My rating: 3 of 5 stars
Catch-22 is set in the waning days of World War II and follows Captain John Yossarian and a squadron of airman. Yossarian wants to go home but someone keeps raising the number of missions he has to fly to go home.
It is widely considered one of the all-time classics of American literature. And most reviewers and literary types will say that it is also one of the funniest books ever. So you can stop reading my review right now because I didn’t think it was funny and what do I know about literature anyways.
I will hand it to Joseph Heller, the author. He integrated a number of points of view and managed to line up all of the story arcs. It took him years to write the book and get all of the fragments of the tale heading in the right direction. Those multiple storylines, characters, non-linear thoughts are a marvel to behold.
Early jokes in Catch-22 felt like discarded Groucho Marx gags. I learned that these jokes are examples of absurdist humor. “The self-contradictory circular logic” that is the military Catch-22 is also how I felt about many of the paradoxical one-liners. “The Texan turned out to be good-natured, generous and likable. In three days no one could stand him.” Someone named Major is a Major, so people have to call him Major Major.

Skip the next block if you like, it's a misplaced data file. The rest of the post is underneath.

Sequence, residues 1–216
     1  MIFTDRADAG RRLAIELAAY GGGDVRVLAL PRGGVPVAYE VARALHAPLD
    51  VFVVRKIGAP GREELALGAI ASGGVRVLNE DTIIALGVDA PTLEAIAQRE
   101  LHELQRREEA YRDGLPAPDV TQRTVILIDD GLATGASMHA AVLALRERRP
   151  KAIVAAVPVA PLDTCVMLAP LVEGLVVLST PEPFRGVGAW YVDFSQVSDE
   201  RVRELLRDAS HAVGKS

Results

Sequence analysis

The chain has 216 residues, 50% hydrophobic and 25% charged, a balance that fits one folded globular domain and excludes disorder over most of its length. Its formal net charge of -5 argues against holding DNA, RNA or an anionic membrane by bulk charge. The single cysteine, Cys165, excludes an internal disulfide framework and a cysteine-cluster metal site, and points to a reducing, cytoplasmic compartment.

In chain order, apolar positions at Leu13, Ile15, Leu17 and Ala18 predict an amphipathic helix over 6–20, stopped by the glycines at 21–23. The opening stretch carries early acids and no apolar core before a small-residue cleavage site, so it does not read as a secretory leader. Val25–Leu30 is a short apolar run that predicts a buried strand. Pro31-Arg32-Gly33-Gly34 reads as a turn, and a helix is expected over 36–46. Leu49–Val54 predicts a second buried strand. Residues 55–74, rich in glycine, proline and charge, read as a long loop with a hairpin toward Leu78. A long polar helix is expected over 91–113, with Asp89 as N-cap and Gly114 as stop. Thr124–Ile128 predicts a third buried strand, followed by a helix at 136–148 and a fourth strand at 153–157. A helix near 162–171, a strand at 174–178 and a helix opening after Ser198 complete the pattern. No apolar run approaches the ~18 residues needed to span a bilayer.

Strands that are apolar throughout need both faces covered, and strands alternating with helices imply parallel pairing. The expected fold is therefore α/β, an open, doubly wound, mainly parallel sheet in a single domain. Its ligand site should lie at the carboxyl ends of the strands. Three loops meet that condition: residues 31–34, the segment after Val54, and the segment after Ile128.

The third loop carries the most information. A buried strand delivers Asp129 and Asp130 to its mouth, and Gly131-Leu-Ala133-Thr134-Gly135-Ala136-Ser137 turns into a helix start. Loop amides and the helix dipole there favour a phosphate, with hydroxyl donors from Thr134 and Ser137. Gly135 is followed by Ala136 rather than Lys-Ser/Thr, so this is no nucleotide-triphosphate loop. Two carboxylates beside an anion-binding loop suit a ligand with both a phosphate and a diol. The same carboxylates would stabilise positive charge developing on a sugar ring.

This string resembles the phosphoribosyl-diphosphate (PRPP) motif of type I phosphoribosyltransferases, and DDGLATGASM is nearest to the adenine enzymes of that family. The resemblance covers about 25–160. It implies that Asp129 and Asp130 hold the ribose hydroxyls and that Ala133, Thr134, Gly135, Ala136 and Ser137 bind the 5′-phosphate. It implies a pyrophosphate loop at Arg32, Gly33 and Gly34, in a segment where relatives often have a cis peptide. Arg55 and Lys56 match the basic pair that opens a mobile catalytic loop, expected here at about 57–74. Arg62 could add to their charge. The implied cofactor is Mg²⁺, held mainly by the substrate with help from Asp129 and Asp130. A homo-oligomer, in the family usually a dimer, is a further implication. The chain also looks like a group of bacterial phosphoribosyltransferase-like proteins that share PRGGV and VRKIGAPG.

The tone of the book reminded me of the movie and TV show, M.A.S.H., and its nonsensical military logic, so I googled it to see if Catch-22 was used in any way as source material for either. What I found out is that the movie, Catch-22 (directed my Mike Nichols), came out the same year, 1970, as the movie, M.A.S.H (directed by Robert Altman). Catch-22 was expected to be the blockbuster, but M.A.S.H., another black comedy, anti-war film went on to become one of the biggest hits of the year (perhaps because it was really about Vietnam and because it was a better film with a funnier script.)
(There was a pilot shot for a Catch-22 television series with Richard Dreyfus as Captain Yossarian, but it did not catch on.)
So M.A.S.H., the movie and TV show, were not based on the book, Catch-22, directly. But the book, M.A.S.H., may very well have been. It was published seven years after Catch-22. On the book’s cover, there is a Ring Lardner Jr. quote: “Not since Catch-22 has the struggle to maintain sanity in the rampant insanity of war been told in such outrageously funny terms.”
The original New York Times review of Catch-22 stated, “A dazzling performance that will outrage nearly as many readers as it delights.” I wasn’t outraged nor delighted. Perhaps because I read it 50 years after publication and didn’t go through World War II, I am sure I am missing many references of the period or the literary allusions and am not able to appreciate it as much as others.